The hon. Lady makes some powerful points, but the only time that the British National party has ever been elected was through the d’Hondt system of proportional representation in the last European elections.
I do not intend to go through the different PR models available, because I am establishing the principle, but I believe there are models of PR that prevent the accession of small extremist parties to a parliamentary system. Germany has such a system.
The recent British Social Attitudes survey found that only 8% of voters identify strongly with a political party. Polls regularly report not only diminishing support for the two parties, but a sense that “none of the above” is an increasingly attractive choice for British voters. That is best expressed by a gradually reducing turnout. In 1950, 84% of voters cast their preferences at the ballot box. In the 2017 election, turnout was 68%. There is other firm evidence that voters are losing confidence in our representative democracy. The report by the Institute for Public Policy Research on the 2015 election established that less than half of 18-24-year-olds voted, compared with nearly 80% of those aged 65 and over. That is a worrying trend.
The past 30 years have seen the emergence of a dramatic divide in how people vote, especially as far as the age demographic is concerned. The evidence is clear: voters increasingly demonstrate that they no longer trust the two main parties to manage the democratic process. Both Labour and the Tories have traditionally held a huge responsibility under first past the post. In an electoral process that offers only limited opportunities to change the political colour of a constituency, we have relied on the two major parties to provide candidates who are capable of taking on the coveted role of Member of Parliament, and to provide a well-thought-through programme for government that is realistic and promises to meet the needs of the country. Increasingly there is a feeling that both parties are failing to take those responsibilities seriously, to the extent that voters are no longer content to be managed by political parties. They increasingly seek plurality, so that they can sift for themselves the range of policy choices available in any given election. Voters no longer want to be patronised by the democratic process; they want to be empowered by it.
I commend the hon. Lady on her speech and on the candour and force with which she makes her points. What she says is true not just of national government but of local government. May I offer her the example of local government in Scotland where, since 2007, councils have been elected under the single transferable vote? We have seen the end of single-party monoliths across Scotland, and that has been absolutely rejuvenating for local democracy in Scotland.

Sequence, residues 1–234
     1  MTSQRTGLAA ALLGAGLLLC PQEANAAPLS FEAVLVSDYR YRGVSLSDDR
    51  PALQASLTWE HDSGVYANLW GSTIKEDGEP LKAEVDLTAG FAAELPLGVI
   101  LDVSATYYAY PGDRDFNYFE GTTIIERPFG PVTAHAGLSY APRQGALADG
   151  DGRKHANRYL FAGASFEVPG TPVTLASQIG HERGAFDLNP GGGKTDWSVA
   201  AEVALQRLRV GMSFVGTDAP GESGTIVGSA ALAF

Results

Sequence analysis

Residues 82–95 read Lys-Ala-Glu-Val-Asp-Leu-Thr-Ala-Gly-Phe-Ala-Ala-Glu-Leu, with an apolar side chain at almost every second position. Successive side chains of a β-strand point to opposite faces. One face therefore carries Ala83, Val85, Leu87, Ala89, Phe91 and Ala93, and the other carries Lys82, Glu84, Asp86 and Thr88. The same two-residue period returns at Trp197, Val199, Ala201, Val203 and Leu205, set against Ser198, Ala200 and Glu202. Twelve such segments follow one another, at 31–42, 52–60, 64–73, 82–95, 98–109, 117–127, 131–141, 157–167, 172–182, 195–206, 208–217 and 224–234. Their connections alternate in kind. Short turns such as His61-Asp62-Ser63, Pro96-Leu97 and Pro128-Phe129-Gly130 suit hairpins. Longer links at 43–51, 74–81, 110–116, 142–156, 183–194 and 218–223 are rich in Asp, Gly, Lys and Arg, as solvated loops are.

I completely accept the right hon. Gentleman’s point. I restricted this debate to Westminster, but that does not mean that I believe these principles do not apply to local government—they do.
Our 19th-century voting system is unfit for the 21st century. As one respondent wrote on the Facebook page accompanying this debate, the system acts as a straitjacket, denying voters the multiplicity of choices they crave. Another respondent, Benny, commented that PR
“would make sure that every vote counts, enabling all voters to feel more involved in the democratic process.”
If we are serious about changing our politics, we must start with how we elect our Parliament. We need reform to ensure fairness and integrity in the electoral process, and that means acknowledging the case made by events in the past few years for a more pluralistic system that gives back control to voters.
I congratulate the hon. Lady on securing this important debate. Will she tell us which system she favours? There are a number of systems we could use, but it would be very interesting to know which appeals to her.
What I will say is that I do not favour a system that removes the constituency link. We must have a system that keeps the constituency link in place. One of the reasons the alternative vote referendum failed is that AV is not proper PR. We need proper PR, but we need the constituency link.
If we win approval in Parliament for implementing a new PR system, we should begin the process of establishing a proportional system by holding deliberative discussions—citizens’ assemblies—across the country to develop the right option for our country. That is the way we should do this. I am not going to say which system I want to see. That is not for me to decide. The country has to decide which system suits us best. That is the best way of approaching the implementation of a change in the voting system.
As I said, we need a more pluralistic system that gives back control to voters. That is what the democratic process is about. The days of patronising voters and managing their choices for them are over, and we need to recognise that. No longer can excuses be made to avoid change. Indeed, every new legislature created by this Parliament uses some form of PR. Wales, Scotland, Northern Ireland and the London Assembly all use proportional systems. STV, Mr Evans, is even used to elect the Deputy Speakers of this House.
I am convinced that change is coming. It is overdue. I apologise for my tardiness in acknowledging the strength of the argument for PR, but better late than never. Let’s get on with it.